According to IDW S 5, the product life cycle shall serve as a reference for the economic lifetime of the brand, which is limited in general. According to ISO 10668 the expected economic lifetime of the brand is relevant too, but it also allows for an indefinite lifetime, if necessary. The respective cash flows in the financial models shall be considered after taxes and a tax amortisation benefit (TAB) shall be taken into account, if necessary, according to both standards. Furthermore both approaches consider the WACC of the whole company as base value for the calculation of an appropriate discount rate. This value has to be adjusted for brand specific risks.
It can be summarised that the IDW S 5 and the ISO 10668 are quite similar in most areas. IDW S 5 is, in most cases, more detailed than the ISO standard, but also more restrictive. However the ISO 10668 also recommends for the comprehensive use of behavioral approaches, in contrast to the German standard.
4. Will rules of thumb for the determination of the appropriateness of a license fee rate be still recognised by German tax authorities in the light of the OECD discussion draft for intangibles?
A rule of thumb is frequently used in Germany to support the appropriateness of license fee rates (if no comparable uncontrolled prices are available). This requires an allocation of the (integrated) profits between the licensor and the licensee. See for example United States Court of Appeals for the Federal Circuit, UNILOC USA, INC. AND UNILOC SINGAPORE PRIVATE LIMITED vs. MICROSOFT CORPORATION (2010-1035, -1055), January 4, 2011 (25 % rule).
According to this rule of thumb, the licensor shall receive for the grant of IP a profit share of approximately 1/4 to 1/3 of the profits generated by licensee by using the granted IP (See Knoppe, BB 1967, S. 1117).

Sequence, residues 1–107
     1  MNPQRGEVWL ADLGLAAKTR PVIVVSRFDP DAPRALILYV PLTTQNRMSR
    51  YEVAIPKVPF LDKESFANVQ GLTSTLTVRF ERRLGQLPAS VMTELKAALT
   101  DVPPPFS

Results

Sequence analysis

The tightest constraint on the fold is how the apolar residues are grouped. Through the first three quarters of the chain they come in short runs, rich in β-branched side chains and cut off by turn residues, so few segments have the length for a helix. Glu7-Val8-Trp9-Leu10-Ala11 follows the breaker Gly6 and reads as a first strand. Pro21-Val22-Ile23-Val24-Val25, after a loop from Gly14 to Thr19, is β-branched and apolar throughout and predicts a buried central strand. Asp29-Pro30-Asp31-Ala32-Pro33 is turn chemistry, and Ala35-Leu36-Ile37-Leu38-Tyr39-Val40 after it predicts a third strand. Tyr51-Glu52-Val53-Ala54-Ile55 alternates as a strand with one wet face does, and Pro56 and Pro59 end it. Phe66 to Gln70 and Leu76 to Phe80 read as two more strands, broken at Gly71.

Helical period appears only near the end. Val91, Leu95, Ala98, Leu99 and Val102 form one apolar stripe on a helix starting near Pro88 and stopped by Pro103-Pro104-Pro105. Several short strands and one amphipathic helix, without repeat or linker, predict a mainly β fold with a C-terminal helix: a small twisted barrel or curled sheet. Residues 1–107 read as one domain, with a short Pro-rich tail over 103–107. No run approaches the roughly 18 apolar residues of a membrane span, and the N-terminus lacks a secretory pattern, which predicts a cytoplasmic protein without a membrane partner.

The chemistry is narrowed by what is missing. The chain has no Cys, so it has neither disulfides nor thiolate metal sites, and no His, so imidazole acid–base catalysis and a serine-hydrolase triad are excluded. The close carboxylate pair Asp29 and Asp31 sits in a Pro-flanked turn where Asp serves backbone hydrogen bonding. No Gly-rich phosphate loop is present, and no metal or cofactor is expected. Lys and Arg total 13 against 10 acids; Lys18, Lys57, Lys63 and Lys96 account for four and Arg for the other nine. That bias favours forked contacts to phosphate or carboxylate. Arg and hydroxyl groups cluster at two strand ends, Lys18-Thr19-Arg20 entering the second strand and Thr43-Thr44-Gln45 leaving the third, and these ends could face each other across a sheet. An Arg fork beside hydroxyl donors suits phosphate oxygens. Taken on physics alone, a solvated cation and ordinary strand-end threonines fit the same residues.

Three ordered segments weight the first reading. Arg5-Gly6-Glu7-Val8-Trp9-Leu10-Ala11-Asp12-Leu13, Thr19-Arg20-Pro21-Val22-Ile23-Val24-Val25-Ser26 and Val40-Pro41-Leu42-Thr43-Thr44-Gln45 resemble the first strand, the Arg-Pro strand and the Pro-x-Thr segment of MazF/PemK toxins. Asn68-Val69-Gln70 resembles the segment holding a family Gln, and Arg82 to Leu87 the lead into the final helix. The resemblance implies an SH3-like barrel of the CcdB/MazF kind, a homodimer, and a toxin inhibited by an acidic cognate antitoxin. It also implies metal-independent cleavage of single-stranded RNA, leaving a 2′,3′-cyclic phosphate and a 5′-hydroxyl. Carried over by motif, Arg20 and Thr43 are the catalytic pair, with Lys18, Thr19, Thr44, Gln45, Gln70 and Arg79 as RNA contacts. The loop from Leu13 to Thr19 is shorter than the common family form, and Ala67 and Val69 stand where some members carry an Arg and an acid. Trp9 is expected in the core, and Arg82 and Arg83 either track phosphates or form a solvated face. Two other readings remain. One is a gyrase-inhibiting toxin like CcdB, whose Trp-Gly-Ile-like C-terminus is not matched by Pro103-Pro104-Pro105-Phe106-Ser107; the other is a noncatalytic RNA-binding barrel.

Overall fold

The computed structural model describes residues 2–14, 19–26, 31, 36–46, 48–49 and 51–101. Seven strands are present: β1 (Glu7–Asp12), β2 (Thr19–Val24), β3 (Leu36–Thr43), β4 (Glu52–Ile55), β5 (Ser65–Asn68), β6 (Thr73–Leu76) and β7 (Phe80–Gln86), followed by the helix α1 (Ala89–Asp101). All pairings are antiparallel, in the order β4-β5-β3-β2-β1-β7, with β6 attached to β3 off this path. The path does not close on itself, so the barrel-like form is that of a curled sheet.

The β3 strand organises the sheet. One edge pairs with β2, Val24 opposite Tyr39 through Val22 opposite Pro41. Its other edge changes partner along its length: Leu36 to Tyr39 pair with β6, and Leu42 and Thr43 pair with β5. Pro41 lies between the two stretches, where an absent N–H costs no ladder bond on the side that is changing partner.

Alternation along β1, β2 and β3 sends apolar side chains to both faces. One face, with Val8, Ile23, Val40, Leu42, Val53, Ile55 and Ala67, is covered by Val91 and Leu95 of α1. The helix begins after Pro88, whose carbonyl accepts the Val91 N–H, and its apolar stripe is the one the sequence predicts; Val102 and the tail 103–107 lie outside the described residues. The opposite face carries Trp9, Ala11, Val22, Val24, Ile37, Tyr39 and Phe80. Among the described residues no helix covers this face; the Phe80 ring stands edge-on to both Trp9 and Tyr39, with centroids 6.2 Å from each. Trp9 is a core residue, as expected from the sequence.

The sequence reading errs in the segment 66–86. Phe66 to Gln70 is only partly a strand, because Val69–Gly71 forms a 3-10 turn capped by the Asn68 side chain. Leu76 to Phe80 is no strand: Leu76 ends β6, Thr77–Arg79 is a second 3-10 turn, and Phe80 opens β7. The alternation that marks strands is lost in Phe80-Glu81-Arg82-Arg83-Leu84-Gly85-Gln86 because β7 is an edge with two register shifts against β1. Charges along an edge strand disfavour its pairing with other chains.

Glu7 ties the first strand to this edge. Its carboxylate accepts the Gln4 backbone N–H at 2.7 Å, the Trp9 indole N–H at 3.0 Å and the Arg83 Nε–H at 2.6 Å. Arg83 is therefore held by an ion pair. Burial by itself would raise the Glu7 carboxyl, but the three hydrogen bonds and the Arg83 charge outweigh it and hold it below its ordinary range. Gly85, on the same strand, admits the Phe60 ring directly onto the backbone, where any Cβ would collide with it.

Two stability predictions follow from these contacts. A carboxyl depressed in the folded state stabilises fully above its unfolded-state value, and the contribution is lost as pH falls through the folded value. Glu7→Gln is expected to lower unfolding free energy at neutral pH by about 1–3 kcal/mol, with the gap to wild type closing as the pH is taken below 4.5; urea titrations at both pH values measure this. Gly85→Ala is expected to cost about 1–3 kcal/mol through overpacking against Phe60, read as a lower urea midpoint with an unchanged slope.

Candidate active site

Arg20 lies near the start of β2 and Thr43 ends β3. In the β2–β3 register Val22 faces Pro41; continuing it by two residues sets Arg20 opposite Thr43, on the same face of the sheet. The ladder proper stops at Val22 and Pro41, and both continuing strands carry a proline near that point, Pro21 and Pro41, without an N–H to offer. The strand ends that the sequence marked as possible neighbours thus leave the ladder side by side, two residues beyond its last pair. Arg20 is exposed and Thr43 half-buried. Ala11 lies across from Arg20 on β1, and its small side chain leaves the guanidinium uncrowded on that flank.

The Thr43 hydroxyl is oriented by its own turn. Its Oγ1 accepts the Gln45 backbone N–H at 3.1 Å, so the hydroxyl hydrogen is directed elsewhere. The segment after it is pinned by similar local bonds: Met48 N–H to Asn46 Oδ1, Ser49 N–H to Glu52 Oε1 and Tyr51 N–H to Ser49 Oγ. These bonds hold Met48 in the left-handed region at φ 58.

In the light of the new developments in the OECD discussion draft for intangibles, the further acceptance of the rules of thumb, for the determination or the validation of an appropriate license fee by the German tax authorities, might be highly questionable.
This indicates that the further application and acceptance of rules of thumbs might become uncertain in Germany in the future.
Consider local provisions
Although Germany is an OECD member, following the, and being influenced by the, OECD Transfer Pricing Guidelines, it is highly recommended that taxpayer consider local provisions, regulations and ordinances as they can cause adverse tax effects, like the non-deductibility of license fees.
By principal TPWeek correspondents for Germany, Susann van der Ham, partner; Jan Feldtkeller, manager; Steffen Voll, senior consultant; and Lorenz Leonhardt, consultant, at PwC, Germany